As you can probably imagine there is a multitude of features along such a path. These include, signs, posts, and way-markers, cross drains, footbridges, walkways, culverts and many more. All of these items needed to be graded, and recommendations made for future repairs or replacements by contractors or our hardworking volunteers. See here for future volunteering opportunities within the Park when normality returns after COVID-19/coronavirus.
Whilst out inspecting the condition of a bridge on the Way, I was lucky enough to spot some otter prints underneath. Otter paws have five webbed toes on each foot, but this might not be obvious in tracks. They also have a long tail so look out for drag marks. The prints I found under the bridge looked at first glance to only have only four claws- which is typical as their thumbprint is often not particularly visible.
Mink tracks might be easily confused with otter tracks along a waterway, as their paws are also webbed, but they can be distinguished. Otter prints are larger 5-9cm long whereas mink are around 3cm long and 4cm wide.
On the same stream not far from the bridge, I found a green boulder, pictured below.
Boulders in waterways are often used by otters as a sprainting site. The oily black spraint (poo) is deposited on top. A vibrant green mossy boulder is often an excellent clue to a sprainting site, as repeated sprainting over the seasons make it a good place for moss grow, unless burned off completely by the repeated tramping and nitrogenous sprainting. The sprainting sites are used as message or territorial marker for other otters.
The route presents many amazing opportunities for spotting wildlife. Some of the other wildlife spotted included voles, dippers, buzzards and treecreepers, frogs and frogspawn, so keep your eyes open and a pair of binoculars handy, but remember to keep your eyes to the ground and you might be lucky enough to spot a twisted cone eaten by a red squirrel or crossbill.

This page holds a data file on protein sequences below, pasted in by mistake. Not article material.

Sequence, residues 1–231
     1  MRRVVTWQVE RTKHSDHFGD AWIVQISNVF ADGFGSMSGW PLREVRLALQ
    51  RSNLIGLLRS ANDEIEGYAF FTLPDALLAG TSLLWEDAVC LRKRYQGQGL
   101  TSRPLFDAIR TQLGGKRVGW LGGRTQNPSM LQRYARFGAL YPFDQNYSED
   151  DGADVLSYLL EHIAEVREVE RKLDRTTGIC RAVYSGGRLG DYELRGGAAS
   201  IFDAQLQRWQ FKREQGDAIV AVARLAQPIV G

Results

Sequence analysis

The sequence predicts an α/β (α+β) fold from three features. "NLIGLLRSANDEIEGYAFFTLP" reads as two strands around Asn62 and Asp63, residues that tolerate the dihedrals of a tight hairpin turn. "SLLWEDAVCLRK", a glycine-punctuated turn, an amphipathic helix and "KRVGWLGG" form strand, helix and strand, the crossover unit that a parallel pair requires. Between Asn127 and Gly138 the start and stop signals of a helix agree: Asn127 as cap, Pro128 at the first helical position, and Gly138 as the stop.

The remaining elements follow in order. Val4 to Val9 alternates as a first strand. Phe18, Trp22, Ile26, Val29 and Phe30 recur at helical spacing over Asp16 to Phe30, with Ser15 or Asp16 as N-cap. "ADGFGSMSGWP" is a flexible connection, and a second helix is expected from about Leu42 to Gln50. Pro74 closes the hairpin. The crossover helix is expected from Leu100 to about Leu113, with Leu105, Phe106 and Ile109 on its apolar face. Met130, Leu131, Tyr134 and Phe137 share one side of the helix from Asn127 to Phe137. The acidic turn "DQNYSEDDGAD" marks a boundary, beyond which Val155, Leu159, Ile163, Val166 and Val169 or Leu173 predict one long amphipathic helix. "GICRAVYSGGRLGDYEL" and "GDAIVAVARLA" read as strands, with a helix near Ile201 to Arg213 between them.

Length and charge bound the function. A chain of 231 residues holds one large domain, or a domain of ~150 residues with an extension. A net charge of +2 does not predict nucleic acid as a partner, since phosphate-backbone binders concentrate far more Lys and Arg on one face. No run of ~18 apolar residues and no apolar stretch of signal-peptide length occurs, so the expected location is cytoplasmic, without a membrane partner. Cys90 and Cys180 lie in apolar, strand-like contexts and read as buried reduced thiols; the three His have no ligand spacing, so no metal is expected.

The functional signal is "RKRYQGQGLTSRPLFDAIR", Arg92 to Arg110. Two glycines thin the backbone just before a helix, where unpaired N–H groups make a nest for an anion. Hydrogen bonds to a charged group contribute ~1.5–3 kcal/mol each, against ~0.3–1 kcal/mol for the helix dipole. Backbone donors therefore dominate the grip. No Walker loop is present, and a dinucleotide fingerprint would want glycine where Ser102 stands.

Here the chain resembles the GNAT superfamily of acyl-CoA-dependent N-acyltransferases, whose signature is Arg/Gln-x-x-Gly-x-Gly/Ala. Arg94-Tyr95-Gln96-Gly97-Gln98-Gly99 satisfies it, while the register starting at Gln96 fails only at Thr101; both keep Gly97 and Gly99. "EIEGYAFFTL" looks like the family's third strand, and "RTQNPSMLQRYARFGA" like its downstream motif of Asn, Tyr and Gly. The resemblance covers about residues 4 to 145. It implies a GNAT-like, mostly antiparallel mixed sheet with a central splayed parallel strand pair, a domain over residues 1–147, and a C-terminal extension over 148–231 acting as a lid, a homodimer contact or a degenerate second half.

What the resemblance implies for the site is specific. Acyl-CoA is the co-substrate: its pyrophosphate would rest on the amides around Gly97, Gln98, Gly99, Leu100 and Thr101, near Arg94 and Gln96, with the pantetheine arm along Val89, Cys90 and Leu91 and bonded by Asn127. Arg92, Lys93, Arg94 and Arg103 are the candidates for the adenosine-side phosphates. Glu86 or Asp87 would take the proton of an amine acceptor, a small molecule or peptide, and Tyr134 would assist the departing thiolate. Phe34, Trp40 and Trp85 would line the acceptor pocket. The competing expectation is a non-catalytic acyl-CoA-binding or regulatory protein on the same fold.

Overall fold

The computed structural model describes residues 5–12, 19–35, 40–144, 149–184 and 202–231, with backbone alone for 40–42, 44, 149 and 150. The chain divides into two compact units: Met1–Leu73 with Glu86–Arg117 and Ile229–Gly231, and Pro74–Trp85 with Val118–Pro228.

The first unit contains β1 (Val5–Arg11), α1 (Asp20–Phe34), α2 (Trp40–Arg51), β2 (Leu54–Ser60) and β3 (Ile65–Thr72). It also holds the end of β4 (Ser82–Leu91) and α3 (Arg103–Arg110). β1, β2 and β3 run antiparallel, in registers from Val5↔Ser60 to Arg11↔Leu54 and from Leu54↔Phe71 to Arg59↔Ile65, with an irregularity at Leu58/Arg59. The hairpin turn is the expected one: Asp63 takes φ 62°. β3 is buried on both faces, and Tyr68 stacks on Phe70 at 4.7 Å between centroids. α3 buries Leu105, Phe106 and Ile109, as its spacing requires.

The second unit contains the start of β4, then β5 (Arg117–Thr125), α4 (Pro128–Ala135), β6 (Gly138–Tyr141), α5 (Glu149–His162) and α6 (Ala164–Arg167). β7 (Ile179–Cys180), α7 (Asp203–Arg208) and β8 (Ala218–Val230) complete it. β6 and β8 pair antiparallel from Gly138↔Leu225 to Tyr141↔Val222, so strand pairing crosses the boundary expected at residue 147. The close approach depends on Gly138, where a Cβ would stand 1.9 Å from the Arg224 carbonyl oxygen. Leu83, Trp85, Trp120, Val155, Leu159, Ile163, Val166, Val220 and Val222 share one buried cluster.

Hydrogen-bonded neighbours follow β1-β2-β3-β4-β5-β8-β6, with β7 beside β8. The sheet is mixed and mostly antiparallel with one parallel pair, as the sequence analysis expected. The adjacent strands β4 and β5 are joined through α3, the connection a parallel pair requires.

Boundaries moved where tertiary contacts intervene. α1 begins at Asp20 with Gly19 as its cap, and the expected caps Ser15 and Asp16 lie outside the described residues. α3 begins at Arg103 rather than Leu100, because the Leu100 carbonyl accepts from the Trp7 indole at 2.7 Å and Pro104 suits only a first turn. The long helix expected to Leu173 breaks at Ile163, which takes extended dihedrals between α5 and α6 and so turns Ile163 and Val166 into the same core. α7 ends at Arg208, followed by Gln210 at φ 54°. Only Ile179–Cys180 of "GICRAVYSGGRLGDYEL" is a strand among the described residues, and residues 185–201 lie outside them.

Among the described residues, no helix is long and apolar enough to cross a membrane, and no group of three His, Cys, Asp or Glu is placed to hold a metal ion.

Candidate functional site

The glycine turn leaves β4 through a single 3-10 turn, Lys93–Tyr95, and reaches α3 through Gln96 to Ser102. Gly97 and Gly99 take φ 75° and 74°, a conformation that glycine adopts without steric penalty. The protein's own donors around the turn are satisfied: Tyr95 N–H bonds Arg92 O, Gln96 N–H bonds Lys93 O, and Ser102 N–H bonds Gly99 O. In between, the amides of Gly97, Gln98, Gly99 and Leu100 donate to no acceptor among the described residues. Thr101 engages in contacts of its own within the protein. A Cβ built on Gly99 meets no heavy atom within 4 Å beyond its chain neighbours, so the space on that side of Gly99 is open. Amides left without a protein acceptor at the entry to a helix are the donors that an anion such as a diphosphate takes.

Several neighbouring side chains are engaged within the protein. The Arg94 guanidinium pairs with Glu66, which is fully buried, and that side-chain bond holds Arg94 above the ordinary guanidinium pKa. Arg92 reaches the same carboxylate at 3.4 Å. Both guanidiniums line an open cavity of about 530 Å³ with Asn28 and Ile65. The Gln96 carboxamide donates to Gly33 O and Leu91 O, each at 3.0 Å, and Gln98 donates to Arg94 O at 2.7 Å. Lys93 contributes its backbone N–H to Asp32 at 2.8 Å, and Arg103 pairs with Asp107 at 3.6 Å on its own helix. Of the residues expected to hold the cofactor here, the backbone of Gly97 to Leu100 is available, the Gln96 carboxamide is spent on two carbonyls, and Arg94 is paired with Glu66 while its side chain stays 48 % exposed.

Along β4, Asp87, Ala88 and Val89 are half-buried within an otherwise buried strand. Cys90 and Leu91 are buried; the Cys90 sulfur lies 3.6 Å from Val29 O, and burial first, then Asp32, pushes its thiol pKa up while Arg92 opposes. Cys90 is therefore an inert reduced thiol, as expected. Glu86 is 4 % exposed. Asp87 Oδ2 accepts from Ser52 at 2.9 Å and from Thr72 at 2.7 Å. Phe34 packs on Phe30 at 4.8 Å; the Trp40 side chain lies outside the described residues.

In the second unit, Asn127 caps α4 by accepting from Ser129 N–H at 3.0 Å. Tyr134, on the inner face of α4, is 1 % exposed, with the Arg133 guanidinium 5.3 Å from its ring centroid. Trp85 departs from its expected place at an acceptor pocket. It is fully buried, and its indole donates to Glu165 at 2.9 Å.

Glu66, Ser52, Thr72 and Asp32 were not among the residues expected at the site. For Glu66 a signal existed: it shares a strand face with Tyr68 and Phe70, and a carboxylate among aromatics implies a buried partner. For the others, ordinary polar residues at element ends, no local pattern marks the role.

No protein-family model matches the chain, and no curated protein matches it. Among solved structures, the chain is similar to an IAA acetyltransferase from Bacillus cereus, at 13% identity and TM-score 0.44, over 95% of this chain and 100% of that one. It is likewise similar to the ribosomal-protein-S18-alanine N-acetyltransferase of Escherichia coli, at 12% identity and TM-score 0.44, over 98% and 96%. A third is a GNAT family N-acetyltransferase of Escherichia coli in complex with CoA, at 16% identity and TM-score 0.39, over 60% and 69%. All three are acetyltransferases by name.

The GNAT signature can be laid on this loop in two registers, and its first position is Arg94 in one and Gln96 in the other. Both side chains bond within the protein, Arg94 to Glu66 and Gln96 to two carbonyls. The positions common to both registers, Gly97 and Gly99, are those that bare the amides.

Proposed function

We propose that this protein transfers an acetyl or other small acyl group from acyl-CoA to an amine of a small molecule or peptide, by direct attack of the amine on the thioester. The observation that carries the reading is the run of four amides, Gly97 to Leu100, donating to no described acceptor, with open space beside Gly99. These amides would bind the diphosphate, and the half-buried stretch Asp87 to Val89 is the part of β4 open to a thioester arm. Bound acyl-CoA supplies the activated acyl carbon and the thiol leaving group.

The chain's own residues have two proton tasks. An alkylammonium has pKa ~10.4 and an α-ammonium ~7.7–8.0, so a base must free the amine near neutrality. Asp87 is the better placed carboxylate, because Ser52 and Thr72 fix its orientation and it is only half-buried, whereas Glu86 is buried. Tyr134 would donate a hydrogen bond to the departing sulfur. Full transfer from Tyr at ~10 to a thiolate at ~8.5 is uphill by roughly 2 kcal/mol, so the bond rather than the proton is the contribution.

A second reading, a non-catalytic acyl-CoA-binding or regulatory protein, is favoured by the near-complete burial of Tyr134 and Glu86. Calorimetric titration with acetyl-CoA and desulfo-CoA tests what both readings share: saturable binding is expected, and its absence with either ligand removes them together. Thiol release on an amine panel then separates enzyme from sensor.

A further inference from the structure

Cat in our Admin team, who was out accompanying myself and another colleague Doug for a day on the Way, spotted a stoat. The stoat was in its white winter coat with a dark tip to its tail. With little or no snow about that day, it was oblivious to how visible it was amongst the tangled undergrowth. It moved with a bounding, energetic gait endlessly foraging for prey and occasionally stopping dead still, listening and watching.
Stoats can sometimes be confused with weasels but are much bigger and the tail is half the size of the body compared to a weasel’s much smaller tail. They are related in the Mustelidae family which also includes wolverines… so as you can imagine they are voracious predators…and despite their smallish size can take down much larger prey than themselves.
In the course of my work I have stopped to chat with many people along the Speyside Way. It’s always good to get feedback from the public on the Way or the wider issues within the National Park.
Looking forward to getting out meeting people and sharing what I find over the summer, along the Speyside Way and elsewhere in the National Park, but for now the Cairngorms National Park Authority is advising people to stay local.
Remember, Stay Home, Stay Safe, Save Lives.